Review – “No Threat” – Atherton

reviewed by Jeff McAllister

Atherton is 29-years old, single, white, and lives in his parent’s basement. In some genres, biographical details like this could be considered irrelevant but Atherton is an emcee from Ottawa, Ontario, and therefore these facts are incredibly important to understand his work.

Perhaps more foretelling is the fact that Atherton so willingly includes these details in his press release—from Rick Ross’s closeted past as a prison guard to Eminem’s final freestyle battle in 8-Mile, we’ve seen how street cred can be a rapper’s best friend and how when constructing a rap persona some of the ‘softer’ details are better left omitted. Due to demographic and geographic circumstance, Atherton is by default an outsider in the hip-hop genre. And to that end, Atherton’s output must be defined by its relationship to mainstream hip-hop.

No Threat succeeds in the areas it creates tension between the genre’s tropes—where Atherton tiptoes the line between playing homage to the hip-hop cannon and all together defying it. No Threat begins with, and is muscled along with, an overture type monologue—the type that has defined such records as the Wu-Tang’s Enter The Wu-Tang, or Kanye West’s The College Dropout. As is to be expected on veteran releases, (No Threat is Atherton’s third LP) the albums’ opening track, “Kid On The Corner” is your classic coming-up story, however in today’s music business, “Juicy”’s and “Me Against the World”s are becoming increasingly hard to relate to and Atherton is conscious of this, redefining success as simply seeing his name on a gig poster.

Although Atherton’s influences list various other music genres, he is a rapper’s rapper—with a staccato flow reminiscent of Brother Ali, and emphatic enunciation à la Blackalicious’ The Gift of Gab. Where Atherton employees his diversity is in the record’s production and instrumentation. The hazed-out mantra “Jacob’s Ladder” is more trip-hop than hip-hop. At its heart, “Miserable December” is sunny folk. When Atherton calls on his homies to contribute to the record, he places himself amongst the company of equally varied indie musicians: Dean of Wildlife in “Kid On The Corner” and “Miserable December”, Whitney of Sound of Lions in “No Threat” and “Good Gone,” and Jordan David of the Love Machine in “Get Happy Or Die.”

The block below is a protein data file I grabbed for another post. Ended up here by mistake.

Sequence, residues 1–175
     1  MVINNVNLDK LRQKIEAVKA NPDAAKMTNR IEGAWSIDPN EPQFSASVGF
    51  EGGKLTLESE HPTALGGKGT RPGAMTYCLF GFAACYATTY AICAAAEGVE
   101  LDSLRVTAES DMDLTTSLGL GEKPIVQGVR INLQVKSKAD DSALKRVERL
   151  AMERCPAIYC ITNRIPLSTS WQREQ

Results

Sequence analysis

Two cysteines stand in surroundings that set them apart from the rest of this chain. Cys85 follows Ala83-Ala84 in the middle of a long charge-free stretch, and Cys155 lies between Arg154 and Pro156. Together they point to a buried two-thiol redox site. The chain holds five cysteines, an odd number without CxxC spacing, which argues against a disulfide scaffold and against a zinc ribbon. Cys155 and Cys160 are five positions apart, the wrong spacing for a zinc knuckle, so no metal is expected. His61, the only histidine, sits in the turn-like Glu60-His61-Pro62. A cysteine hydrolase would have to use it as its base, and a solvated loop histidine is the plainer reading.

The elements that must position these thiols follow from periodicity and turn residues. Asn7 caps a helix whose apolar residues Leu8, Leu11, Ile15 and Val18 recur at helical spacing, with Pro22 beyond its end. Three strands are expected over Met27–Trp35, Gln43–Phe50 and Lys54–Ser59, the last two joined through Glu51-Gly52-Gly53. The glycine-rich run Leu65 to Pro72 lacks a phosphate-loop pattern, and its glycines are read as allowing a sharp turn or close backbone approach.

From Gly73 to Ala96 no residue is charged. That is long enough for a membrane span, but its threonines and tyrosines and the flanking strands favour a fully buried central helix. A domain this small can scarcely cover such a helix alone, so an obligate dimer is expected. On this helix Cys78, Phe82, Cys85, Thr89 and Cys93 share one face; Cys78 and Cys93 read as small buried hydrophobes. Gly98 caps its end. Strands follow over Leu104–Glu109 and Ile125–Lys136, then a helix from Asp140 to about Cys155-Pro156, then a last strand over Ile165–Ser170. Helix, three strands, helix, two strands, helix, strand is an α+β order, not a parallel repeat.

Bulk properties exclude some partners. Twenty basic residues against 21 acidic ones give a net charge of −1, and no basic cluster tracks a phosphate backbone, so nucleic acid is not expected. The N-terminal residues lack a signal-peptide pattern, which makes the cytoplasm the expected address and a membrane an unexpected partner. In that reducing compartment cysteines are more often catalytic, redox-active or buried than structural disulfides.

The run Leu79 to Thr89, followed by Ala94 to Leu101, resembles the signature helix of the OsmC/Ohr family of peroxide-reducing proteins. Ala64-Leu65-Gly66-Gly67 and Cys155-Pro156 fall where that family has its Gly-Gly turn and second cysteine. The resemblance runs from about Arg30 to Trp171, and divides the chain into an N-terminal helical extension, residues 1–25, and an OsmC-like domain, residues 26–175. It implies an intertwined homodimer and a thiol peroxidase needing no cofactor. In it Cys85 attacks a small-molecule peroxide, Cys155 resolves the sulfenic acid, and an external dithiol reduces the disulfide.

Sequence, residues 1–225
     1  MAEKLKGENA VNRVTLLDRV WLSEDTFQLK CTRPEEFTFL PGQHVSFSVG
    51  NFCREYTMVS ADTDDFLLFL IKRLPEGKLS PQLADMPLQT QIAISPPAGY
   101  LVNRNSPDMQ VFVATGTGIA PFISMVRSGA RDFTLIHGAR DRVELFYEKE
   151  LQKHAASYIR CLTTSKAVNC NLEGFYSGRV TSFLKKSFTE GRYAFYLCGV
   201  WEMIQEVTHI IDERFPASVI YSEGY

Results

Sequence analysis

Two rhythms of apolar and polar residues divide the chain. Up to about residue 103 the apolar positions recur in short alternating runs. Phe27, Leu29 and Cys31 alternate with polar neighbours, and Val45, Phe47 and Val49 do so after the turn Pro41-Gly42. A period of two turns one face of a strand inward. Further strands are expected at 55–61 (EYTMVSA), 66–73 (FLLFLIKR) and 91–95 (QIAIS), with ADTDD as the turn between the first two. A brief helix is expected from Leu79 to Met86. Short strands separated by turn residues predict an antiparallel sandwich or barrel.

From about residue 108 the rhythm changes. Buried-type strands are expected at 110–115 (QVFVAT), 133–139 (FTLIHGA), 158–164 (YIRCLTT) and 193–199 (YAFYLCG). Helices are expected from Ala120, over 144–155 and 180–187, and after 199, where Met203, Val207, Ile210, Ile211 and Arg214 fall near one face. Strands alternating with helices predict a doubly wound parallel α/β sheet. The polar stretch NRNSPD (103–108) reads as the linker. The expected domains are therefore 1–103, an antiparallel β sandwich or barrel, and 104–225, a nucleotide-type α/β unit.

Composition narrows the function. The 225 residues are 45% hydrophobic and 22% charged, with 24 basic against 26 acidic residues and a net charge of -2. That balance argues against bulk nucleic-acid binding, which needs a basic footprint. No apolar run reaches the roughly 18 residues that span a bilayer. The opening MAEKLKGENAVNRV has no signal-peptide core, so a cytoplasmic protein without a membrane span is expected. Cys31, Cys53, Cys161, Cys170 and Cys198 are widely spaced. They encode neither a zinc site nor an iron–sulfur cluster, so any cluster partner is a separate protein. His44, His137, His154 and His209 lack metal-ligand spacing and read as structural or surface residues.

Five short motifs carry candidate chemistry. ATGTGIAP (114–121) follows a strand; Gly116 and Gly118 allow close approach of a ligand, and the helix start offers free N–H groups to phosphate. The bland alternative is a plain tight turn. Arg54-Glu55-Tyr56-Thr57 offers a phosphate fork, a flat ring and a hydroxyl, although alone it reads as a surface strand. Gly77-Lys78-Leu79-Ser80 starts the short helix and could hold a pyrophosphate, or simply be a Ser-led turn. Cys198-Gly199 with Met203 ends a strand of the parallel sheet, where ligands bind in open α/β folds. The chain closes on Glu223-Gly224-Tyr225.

As with all lyric-centric music, a song is only as powerful as its subject matter. This is particularly true of rap and hip-hop due to both word density and poetic form. Ironically, the genre is also one of the worst offenders here, with emcees putting less emphasis on what they say then how they saw it. Atherton is wordsmith with restraint—he employs wordplay when essential to drive a point but resists the punch line fetishization that’s become increasingly popular with hashtag rap. He’s a joker, but his jokes serve a purpose, they are employed to make heavy subject matter more palatable (One could go as far as calling him hip-hop’s Kurt Vonnegut.) Atherton’s tracks coalesce around narratives—ones of identity, failure, and those immortal human questions—who are we, where are we going, and why, why, why?

It’s important to understand who Atherton is because, in a genre that inundated with overblown underdog stories or playboy posturing, Atherton’s strength is perspective. His subject matter is honest, pedestrian, and as a result incredibly accessible. Although the album title may suggest that ‘No Threat’ be taken as lightly as sunny beats that prop up Atherton rhymes, the subject matter and creativity can’t be describe as anything other any effective.

No Threat is available on Bandcamp. Check out the video for “No Threat” below.

Top Tracks: “No Threat”; “Jacob’s Ladder”; “Kid on The Corner”;“Paul Simon Songs”

Rating: Proud Hoot (Really Good)

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